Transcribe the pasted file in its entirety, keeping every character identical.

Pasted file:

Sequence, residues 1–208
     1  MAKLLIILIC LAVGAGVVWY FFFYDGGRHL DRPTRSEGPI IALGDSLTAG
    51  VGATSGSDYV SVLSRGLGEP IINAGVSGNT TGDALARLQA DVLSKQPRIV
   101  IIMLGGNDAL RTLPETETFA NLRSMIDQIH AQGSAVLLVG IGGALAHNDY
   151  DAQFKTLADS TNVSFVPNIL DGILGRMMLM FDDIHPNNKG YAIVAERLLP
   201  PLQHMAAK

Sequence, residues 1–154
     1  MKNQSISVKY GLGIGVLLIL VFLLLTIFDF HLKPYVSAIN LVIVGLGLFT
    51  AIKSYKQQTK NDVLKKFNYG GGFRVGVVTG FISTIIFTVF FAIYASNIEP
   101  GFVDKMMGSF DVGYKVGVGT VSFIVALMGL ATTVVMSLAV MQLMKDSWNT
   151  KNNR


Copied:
Sequence, residues 1–208
     1  MAKLLIILIC LAVGAGVVWY FFFYDGGRHL DRPTRSEGPI IALGDSLTAG
    51  VGATSGSDYV SVLSRGLGEP IINAGVSGNT TGDALARLQA DVLSKQPRIV
   101  IIMLGGNDAL RTLPETETFA NLRSMIDQIH AQGSAVLLVG IGGALAHNDY
   151  DAQFKTLADS TNVSFVPNIL DGILGRMMLM FDDIHPNNKG YAIVAERLLP
   201  PLQHMAAK

Sequence, residues 1–154
     1  MKNQSISVKY GLGIGVLLIL VFLLLTIFDF HLKPYVSAIN LVIVGLGLFT
    51  AIKSYKQQTK NDVLKKFNYG GGFRVGVVTG FISTIIFTVF FAIYASNIEP
   101  GFVDKMMGSF DVGYKVGVGT VSFIVALMGL ATTVVMSLAV MQLMKDSWNT
   151  KNNR